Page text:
Statistics NZ reported new building consents continued to rise, hitting 45,119 for the 12 months to July, a 20 percent increase on the comparable period in 2020.  19,158 consents were issued in Auckland, up 29 percent on the same period in 2020. Canterbury consents rose by 19 percent to 6,811 compared with 2020. Auckland also accounted for 1,691 of the 4,211 consents (40 percent) issued during the month of July, valued at $1.8 billion.

The Reserve Bank is calling for submissions on whether current legislation gives insurance policyholders the protection they expect. As the regulator with oversight of the sector, the RBNZ said an important purpose of New Zealand’s insurance legislation is to promote a financially sound insurance sector. This consultation is part of the RBNZ’s wider review on the Insurance (Prudential Supervision) Act 2010 (IPSA) aimed at reducing the likelihood that an insurer might become unable to make claims payments it owes to policyholders. The consultation will also look at the type and breadth of information insurers publish, enabling customers and other interested parties to assess an insurer’s financial stability before purchasing a policy.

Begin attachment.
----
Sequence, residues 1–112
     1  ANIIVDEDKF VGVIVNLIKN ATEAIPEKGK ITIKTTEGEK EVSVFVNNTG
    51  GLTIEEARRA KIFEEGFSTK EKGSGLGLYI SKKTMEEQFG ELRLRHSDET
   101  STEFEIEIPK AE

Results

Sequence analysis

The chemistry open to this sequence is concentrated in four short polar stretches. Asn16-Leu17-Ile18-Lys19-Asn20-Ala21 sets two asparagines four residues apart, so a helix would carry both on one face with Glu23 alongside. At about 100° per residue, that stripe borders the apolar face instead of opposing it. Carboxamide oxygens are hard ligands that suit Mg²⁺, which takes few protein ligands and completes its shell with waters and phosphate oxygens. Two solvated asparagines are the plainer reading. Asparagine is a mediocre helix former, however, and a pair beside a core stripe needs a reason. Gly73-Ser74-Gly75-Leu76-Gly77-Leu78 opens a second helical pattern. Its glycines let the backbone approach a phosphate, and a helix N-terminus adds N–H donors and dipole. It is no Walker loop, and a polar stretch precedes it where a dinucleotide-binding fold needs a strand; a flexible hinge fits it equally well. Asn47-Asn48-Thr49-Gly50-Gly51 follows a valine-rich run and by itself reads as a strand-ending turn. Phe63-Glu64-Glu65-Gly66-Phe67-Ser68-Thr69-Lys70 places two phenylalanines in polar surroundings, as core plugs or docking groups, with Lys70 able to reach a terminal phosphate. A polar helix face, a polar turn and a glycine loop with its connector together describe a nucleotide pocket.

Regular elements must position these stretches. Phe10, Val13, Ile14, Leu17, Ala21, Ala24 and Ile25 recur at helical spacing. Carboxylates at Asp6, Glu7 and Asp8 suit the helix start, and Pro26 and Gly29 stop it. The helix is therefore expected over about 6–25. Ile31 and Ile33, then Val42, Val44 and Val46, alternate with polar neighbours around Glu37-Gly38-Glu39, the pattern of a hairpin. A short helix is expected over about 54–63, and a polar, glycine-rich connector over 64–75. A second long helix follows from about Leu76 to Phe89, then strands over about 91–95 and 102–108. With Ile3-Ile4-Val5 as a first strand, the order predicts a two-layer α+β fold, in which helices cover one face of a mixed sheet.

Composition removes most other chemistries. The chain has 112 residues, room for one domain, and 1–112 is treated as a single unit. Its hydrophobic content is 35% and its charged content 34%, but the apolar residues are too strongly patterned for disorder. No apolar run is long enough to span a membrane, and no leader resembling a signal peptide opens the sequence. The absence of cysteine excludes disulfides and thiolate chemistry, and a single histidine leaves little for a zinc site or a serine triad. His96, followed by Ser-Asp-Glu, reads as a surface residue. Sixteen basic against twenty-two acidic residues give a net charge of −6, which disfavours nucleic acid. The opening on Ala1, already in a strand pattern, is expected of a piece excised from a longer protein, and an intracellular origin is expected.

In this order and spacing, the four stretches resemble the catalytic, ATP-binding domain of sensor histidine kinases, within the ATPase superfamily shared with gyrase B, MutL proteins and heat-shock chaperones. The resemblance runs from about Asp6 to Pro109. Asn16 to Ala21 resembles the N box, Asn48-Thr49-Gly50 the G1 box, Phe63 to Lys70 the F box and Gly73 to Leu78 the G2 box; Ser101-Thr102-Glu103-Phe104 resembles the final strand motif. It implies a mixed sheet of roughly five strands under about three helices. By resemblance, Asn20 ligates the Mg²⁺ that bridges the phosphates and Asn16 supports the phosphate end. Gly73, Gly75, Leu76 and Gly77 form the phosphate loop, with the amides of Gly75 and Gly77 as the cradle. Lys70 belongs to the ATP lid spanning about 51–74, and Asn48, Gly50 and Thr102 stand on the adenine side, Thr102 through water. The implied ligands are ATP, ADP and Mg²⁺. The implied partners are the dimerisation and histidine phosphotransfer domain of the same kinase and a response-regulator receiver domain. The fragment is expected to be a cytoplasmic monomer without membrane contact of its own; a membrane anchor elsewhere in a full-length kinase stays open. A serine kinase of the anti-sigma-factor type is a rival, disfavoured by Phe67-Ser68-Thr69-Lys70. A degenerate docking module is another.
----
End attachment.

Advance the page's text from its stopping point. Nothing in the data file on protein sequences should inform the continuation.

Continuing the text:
TSB Bank has been fined $3.5 million for breaching the Anti-Money Laundering and Countering Financing of Terrorism Act 2009. Taranaki-based TSB accepted it didn’t have effective procedures, policies and controls for monitoring and managing compliance with the legislation and hadn’t reviewed and maintained its surveillance programme. Surprisingly, given the length of time the legislation has been in place, TSB also admitted it hadn’t conducted a risk assessment in respect of its real estate operations and hadn’t had regard to “certain countries” it deals with when reviewing its 2017 risk assessment. The Reserve Bank welcomed the decision after filing civil charges against TSB in May, with a statement of agreed facts between it and the bank.

Mainfreight shares gained almost 6 percent last Wednesday to an all-time high of $99.78 after releasing a positive trading update in the wake of trans-Tasman Covid restrictions. The global logistics company reported an 83 percent jump in profit before tax to $142.3 million from $77.7m for the comparable 22 weeks last year. The improvement was led by its American businesses reporting a fourfold increase in operational profits to US$27m from US$5.9m, while its much smaller Asian operations spiked by 173 percent to US$8.9m, from US$3.3m in the comparable April to July period last year. Total group revenue was up 43 percent to $2.2 billion, from $1.6b, led by a 72 percent improvement in air and ocean receipts. Mainfreight shares are up 37 percent year-to-date after six consecutive monthly increases in its share price since March.